Can honors be inhuman? My answer is yes, after seeing what Nepali cricket players went through on Wednesday.
This might sound harsh, but Cricket Association of Nepal (CAN) is a body that doesn’t think of consequences of any action thus they fail to think beyond the day.
The drama and mismanagement with the team on Wednesday in the name of honoring their achievement was simply a behavior that couldn’t be called human in nature.
If you think I’m accusing, take this example: The World Cricket League Division 3 winning team returned home on Wednesday. They played six hard-fought matches in eight days before taking a flight back; they travelled more than a couple of days in economy class (if you have been to long flight, you know how much you can sleep on those seats) – and the first thing they needed was a long rest – both mental and physical.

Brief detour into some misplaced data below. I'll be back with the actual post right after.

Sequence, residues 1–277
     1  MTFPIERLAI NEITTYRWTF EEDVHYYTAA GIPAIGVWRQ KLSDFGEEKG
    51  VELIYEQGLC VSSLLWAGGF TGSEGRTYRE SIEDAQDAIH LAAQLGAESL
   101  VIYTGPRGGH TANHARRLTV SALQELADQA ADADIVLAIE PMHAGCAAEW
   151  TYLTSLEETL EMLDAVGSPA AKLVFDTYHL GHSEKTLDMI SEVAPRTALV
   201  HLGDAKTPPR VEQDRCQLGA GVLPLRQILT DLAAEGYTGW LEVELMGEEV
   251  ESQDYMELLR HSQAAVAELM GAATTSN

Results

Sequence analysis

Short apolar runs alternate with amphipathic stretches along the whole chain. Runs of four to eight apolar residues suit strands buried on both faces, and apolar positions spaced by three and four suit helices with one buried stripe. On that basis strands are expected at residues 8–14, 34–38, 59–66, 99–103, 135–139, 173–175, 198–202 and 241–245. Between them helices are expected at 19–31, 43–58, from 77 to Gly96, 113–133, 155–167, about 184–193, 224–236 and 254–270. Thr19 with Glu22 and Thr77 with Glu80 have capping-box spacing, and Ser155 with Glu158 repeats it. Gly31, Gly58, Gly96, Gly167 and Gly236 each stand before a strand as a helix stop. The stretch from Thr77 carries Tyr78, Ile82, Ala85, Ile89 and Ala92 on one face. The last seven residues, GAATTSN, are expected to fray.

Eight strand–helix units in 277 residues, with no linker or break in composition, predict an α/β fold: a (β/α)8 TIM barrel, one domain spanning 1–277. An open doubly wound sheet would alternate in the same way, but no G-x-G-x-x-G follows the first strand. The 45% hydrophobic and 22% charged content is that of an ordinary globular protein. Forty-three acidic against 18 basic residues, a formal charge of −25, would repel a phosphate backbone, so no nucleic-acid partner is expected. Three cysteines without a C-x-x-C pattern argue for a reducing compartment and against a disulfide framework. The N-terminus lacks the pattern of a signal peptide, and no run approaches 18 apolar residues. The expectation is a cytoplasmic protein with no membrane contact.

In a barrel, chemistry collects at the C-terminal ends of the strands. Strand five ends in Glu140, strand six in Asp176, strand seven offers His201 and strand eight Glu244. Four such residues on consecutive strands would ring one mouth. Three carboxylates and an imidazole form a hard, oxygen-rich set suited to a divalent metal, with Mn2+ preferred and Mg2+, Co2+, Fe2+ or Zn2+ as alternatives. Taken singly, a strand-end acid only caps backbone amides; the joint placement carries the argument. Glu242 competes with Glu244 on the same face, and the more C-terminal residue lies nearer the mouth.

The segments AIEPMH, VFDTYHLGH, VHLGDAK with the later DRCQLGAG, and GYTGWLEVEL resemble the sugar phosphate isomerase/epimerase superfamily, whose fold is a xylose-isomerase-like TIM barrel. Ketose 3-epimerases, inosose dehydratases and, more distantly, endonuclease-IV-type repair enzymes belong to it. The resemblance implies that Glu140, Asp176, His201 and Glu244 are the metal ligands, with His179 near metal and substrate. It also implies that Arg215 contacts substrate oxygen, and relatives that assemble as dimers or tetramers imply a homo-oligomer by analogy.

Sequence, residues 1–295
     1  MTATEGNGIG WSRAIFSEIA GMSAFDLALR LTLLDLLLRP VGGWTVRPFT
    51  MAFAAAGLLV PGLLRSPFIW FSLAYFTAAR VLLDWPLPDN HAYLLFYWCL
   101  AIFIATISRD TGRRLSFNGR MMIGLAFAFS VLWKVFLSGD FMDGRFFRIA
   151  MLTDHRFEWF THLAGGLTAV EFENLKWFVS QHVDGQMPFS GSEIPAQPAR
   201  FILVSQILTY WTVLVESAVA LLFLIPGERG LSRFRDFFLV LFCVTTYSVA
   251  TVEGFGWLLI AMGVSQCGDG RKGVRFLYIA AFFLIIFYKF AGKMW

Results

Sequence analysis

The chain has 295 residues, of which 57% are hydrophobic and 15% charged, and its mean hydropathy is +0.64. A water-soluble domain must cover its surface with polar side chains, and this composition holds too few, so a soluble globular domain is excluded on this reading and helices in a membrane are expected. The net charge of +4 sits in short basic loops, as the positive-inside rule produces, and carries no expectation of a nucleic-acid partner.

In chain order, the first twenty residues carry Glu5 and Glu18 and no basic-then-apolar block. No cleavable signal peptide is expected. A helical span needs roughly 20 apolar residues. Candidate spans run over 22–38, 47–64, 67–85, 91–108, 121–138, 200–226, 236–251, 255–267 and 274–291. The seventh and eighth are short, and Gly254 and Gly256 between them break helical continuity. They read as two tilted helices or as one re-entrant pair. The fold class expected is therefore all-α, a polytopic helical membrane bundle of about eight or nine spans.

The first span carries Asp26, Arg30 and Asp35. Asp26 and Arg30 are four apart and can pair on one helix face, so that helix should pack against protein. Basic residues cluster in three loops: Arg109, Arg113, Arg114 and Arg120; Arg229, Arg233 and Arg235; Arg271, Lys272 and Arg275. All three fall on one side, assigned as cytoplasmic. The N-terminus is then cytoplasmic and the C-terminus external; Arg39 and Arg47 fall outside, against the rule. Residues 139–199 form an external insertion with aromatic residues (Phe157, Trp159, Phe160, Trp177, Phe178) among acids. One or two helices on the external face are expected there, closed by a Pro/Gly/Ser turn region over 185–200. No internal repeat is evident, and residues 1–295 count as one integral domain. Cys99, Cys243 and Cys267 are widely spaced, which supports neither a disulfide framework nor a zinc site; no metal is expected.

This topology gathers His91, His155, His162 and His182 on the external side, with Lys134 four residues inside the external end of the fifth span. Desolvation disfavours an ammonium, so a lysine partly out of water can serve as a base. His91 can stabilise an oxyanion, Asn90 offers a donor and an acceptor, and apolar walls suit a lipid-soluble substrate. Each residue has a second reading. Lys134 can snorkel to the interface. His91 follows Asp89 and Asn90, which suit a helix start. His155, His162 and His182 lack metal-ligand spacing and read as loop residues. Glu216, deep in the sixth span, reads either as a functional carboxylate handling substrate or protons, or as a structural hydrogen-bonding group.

Well, CAN had no idea about it. They welcomed them long at the Kathmandu Airport; made them part of a victory rally around the city in a most uncomfortable vehicle you could ever get (a TATA mini truck with no seats); then made them attend three ‘honor’ programs – first at National Sports Council where the sports minister and NSC member-secretary told them, in long speeches, how proud they were of cricketers’ achievements.
Then, chairman of the council of ministers met them at his office to congratulate them (with a speech) and then a political party (UCPN-Maoist) honored them and took photos with the players standing behind them while they were seated.
All those events took 8 hours – the duration, which the players were neither offered good food nor allowed to meet their family. Rather they were forced to sit yawning while there were speeches by people who probably didn’t have any relationship with cricket in the past.
I termed it ‘lacking simple human feeling’ in a radio interview and former captain Binod Das who was also on the show said a very touching sentence: “You know how hard it was because you have spent time in cricket and you are proud of what you have done for cricket, but people who have nothing to do with cricket do not understand this.”
That was harsh thing to do to the players – the heroes of the nation. And, my humble request to the CAN, please do not do it again!